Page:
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Tuesday, November 10 • 3:00pm - 3:25pm
Reimagining Power in OER Labor

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Open education is built upon values of collaboration, inclusivity, equity, and accessibility, yet these same values are not consistently reflected in the hiring, management, and support of OER practitioners. Specifically, librarianship, a field that is feminized but not feminist, espouses values of democracy and access while perpetuating oppressive systems. In this presentation, we discuss how feminist theory offers an avenue for exploring this dissonance, with a focus on the conceptualization of power and that impact on OER labor. Recognizing librarianship’s and feminism’s historic privileging of cisgendered, white, middle-class women, we adopt Crenshaw’s (1989) framework of intersectionality to explicitly address structural marginalization and oppression in the field. Following this brief presentation, we invite participants to join us in reimagining how power might be shared among OER creators, collaborators, and consumers to foster more equitable labor conditions. In breakout rooms, participants will critique the applicability of feminist theory to OER labor, offer suggestions for alternative theoretical frameworks, and co-develop action items to aid in translating theory to practice.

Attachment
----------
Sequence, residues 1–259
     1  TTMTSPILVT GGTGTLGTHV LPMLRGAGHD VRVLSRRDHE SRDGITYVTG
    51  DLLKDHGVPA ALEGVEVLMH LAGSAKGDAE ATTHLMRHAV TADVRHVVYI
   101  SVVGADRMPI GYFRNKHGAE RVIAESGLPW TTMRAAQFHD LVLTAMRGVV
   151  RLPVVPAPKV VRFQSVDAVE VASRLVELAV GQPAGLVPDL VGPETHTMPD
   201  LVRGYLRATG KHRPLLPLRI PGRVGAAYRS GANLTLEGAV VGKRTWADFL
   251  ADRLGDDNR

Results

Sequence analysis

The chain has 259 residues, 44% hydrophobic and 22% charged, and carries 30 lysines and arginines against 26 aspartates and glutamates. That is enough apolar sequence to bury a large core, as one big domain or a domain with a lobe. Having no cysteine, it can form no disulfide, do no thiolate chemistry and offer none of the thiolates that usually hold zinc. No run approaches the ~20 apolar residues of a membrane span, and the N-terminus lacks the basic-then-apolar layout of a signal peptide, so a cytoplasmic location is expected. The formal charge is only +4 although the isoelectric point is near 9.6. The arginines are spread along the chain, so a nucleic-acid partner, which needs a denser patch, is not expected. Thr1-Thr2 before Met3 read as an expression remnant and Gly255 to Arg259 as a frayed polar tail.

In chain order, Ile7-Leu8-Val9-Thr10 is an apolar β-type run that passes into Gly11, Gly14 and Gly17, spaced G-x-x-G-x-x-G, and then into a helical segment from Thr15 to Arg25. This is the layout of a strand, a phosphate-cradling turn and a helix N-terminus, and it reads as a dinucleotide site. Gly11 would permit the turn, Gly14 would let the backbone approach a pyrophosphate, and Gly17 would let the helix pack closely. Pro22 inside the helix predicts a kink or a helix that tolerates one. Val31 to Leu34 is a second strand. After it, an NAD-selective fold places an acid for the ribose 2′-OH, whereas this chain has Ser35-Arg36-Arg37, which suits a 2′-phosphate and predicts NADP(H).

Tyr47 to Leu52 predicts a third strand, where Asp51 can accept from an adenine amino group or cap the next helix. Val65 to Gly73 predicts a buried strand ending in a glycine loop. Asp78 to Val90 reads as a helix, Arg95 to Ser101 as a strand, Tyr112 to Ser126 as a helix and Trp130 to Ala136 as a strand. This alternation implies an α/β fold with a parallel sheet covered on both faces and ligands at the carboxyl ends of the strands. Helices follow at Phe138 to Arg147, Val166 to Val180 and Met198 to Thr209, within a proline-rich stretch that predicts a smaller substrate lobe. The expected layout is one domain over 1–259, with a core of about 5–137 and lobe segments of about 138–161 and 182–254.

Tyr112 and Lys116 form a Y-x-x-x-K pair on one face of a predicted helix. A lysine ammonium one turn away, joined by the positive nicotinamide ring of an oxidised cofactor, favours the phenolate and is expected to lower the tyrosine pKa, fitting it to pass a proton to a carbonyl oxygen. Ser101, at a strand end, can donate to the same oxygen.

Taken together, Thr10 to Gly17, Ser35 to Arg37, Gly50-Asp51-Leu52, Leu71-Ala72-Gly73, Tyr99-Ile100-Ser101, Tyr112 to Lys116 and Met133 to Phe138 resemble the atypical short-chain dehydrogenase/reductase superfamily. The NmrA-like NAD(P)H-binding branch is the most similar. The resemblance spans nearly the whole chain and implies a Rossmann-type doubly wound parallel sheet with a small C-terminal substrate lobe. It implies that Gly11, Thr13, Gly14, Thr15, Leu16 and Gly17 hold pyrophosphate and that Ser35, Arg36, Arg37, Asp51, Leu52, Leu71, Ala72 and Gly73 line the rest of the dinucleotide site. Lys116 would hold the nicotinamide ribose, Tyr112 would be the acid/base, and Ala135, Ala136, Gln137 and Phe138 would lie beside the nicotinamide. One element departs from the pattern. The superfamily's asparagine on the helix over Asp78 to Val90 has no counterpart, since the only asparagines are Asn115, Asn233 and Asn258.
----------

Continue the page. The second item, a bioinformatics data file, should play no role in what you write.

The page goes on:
Learning Outcomes:
At the end of the session, participants will be able to…
1.) Apply tenets of feminist theory to a discussion of power imbalances in OER labor
2.) Critique the applicability of feminist theory to power imbalances in OER labor
3). Collaboratively develop action items for applying theory to practice in combating power imbalances in their own professional contexts

Slides:https://bit.ly/OERLaborSlides & Resource Document: https://bit.ly/OERLaborResources

Speakers
avatar for Lindsay Inge Carpenter

Lindsay Inge Carpenter

Pedagogy Librarian, University of Maryland, College Park
avatar for Jessica Dai

Jessica Dai

Librarian, West Virginia University


Tuesday November 10, 2020 3:00pm - 3:25pm EST
Concurrent 3
  The Field, Presentation